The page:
Irony of Theology and the Nature of Religious Thought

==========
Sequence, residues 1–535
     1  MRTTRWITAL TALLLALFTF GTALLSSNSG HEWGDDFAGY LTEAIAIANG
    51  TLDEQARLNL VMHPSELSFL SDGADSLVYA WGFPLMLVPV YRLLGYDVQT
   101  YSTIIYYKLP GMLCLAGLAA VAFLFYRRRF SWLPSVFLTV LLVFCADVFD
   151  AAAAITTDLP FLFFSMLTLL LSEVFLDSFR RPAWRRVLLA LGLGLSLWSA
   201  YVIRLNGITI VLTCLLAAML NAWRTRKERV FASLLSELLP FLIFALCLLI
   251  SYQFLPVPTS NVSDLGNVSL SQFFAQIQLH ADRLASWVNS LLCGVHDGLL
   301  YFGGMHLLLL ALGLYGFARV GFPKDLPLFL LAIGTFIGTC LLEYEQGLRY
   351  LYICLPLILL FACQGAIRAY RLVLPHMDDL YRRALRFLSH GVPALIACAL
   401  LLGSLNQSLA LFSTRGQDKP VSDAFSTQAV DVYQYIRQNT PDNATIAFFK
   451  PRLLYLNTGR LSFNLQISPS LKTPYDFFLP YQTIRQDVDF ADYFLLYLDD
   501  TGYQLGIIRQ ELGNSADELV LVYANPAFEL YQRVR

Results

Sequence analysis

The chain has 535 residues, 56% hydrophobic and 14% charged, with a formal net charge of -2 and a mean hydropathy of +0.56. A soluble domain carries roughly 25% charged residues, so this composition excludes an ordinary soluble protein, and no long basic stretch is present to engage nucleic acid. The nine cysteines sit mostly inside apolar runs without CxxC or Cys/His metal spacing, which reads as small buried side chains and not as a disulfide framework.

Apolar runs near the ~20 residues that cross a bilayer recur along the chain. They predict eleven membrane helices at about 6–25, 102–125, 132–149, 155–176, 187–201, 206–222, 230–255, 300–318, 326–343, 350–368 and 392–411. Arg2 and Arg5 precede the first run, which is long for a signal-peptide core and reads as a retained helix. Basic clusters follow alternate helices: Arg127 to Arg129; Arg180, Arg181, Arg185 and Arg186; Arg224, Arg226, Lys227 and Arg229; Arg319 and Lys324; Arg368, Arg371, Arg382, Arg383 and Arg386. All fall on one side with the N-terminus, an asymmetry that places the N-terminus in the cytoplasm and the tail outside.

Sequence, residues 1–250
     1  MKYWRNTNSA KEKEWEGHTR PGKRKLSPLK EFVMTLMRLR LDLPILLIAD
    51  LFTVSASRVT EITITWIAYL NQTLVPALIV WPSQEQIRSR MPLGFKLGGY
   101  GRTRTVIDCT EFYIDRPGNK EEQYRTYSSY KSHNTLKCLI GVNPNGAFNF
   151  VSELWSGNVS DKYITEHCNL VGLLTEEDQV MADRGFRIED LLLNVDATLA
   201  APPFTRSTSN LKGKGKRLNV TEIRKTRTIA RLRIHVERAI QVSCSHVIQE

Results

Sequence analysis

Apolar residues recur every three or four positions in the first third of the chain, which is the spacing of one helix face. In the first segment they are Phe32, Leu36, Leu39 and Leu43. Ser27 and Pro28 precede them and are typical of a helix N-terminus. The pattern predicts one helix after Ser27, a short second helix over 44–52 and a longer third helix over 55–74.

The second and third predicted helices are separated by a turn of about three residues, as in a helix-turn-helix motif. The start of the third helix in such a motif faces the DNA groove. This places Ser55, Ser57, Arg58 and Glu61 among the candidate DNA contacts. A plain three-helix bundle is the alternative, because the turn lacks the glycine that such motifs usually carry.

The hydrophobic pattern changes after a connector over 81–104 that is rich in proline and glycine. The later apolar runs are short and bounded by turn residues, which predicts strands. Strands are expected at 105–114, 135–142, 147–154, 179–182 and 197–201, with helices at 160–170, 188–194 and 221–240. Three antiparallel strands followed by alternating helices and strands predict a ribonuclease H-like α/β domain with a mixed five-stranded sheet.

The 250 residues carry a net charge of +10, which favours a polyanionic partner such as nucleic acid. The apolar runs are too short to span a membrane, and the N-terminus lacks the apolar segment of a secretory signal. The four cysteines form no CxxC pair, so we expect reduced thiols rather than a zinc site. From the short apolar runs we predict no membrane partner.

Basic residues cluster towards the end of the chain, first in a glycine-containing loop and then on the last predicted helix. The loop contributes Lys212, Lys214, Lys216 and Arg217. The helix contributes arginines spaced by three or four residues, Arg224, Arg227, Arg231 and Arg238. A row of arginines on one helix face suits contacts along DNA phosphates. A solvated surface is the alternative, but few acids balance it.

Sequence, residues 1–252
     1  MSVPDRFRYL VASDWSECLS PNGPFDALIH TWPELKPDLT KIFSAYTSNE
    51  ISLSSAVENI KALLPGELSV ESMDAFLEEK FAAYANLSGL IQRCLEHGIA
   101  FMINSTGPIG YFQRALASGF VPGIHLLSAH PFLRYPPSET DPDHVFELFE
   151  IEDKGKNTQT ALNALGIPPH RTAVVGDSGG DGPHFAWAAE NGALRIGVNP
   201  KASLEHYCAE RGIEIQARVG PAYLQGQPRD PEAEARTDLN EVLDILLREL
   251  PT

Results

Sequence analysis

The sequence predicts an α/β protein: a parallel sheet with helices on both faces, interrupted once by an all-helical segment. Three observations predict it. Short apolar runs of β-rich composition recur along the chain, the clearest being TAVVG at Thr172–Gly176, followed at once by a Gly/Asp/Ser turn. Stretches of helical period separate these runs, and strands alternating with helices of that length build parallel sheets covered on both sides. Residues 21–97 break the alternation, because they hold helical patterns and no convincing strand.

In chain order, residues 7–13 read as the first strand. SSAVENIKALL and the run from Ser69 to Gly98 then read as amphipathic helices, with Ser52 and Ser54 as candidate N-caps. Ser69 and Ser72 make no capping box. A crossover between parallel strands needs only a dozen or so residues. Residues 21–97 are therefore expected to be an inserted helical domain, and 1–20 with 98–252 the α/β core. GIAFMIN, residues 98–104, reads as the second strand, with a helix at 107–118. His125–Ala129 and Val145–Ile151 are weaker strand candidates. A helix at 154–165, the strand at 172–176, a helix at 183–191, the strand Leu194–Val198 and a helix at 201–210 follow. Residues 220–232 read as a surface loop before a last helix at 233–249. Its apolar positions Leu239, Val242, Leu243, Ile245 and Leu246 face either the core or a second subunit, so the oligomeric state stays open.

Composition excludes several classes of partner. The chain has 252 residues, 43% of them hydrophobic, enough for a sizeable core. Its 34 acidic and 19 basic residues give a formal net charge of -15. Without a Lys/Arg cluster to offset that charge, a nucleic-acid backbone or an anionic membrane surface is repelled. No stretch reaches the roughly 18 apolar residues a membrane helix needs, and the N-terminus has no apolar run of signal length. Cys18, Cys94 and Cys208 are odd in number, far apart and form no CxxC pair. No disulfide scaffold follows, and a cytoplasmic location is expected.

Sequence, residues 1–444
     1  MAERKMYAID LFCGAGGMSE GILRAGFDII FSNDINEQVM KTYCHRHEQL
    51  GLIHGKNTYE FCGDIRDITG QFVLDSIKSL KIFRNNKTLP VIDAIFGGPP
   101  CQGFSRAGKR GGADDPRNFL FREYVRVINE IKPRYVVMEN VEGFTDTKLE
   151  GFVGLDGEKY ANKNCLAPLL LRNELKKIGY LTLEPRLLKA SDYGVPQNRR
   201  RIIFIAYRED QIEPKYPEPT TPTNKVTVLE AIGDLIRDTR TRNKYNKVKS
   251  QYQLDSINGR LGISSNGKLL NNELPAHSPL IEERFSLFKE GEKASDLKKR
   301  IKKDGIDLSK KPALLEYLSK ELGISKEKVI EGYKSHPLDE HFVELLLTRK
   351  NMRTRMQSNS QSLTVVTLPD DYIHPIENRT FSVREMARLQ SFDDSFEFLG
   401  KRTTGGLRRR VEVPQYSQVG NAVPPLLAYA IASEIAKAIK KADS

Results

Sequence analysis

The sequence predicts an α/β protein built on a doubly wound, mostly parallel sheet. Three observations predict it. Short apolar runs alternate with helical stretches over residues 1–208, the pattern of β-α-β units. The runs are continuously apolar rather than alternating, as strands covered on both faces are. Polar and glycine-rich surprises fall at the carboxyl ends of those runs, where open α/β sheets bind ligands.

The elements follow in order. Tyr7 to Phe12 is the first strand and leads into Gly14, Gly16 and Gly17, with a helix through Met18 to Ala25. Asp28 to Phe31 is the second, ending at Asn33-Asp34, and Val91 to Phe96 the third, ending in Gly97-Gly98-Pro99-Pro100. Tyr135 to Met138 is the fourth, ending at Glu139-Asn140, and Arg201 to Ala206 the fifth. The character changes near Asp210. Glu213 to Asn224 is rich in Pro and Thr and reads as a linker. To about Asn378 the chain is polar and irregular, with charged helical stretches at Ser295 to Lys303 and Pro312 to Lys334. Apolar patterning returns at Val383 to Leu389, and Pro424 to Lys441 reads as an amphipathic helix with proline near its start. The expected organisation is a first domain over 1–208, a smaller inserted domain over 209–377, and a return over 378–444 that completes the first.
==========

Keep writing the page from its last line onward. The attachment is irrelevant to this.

In a careful re-evaluation of the works of LÚvy-Bruhl, Wiebe establishes the coherence of LÚvy-Bruhl's classic distinction between primitive, or mythopoeic, and scientific thought, maintaining that religious thinking is mythopoeic in nature while theology -- which thinks about religion -- is related to modern Western scientific thinking. The pre-Socratic philosophers, Wiebe shows, developed a form of rational thought radically different from the religious-mythopoeic thought that preceded it. Although Plato was concerned with recovery of the pre-philosophic wisdom of ancient Greece, he attempted this within a rational, philosophic structure. Wiebe argues that Christian thought, originally mythopoeic, changed rapidly under the influence of Hellenistic culture, and that the Platonization of Christianity introduced an element of philosophic thinking which would eventually undermine its mythopoeic essence. In clarifying the nature of religious thought and its relation to religion, Wiebe provides a sound basis for the development of a general theory of religion. While of particular interest to philosophers, theologians, and students and scholars of the study of religion, Wiebe's study draws upon sources as diverse as philosophy, history, anthropology, and sociology and will therefore interest anyone involved in these disciplines as well.
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